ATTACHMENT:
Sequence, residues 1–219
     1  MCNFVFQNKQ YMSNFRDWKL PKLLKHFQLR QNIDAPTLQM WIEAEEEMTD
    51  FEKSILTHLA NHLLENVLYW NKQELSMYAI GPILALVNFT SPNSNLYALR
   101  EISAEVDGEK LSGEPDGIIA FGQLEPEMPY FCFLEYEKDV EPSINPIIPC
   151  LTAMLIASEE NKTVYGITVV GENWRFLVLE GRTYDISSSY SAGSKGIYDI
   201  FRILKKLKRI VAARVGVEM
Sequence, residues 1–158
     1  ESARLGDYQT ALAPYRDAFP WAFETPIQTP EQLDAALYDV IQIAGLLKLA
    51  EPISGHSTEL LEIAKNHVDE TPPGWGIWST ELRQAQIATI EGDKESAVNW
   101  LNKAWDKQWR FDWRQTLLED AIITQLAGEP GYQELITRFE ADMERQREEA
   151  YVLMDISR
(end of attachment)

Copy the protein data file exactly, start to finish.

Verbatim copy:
Sequence, residues 1–219
     1  MCNFVFQNKQ YMSNFRDWKL PKLLKHFQLR QNIDAPTLQM WIEAEEEMTD
    51  FEKSILTHLA NHLLENVLYW NKQELSMYAI GPILALVNFT SPNSNLYALR
   101  EISAEVDGEK LSGEPDGIIA FGQLEPEMPY FCFLEYEKDV EPSINPIIPC
   151  LTAMLIASEE NKTVYGITVV GENWRFLVLE GRTYDISSSY SAGSKGIYDI
   201  FRILKKLKRI VAARVGVEM
Sequence, residues 1–158
     1  ESARLGDYQT ALAPYRDAFP WAFETPIQTP EQLDAALYDV IQIAGLLKLA
    51  EPISGHSTEL LEIAKNHVDE TPPGWGIWST ELRQAQIATI EGDKESAVNW
   101  LNKAWDKQWR FDWRQTLLED AIITQLAGEP GYQELITRFE ADMERQREEA
   151  YVLMDISR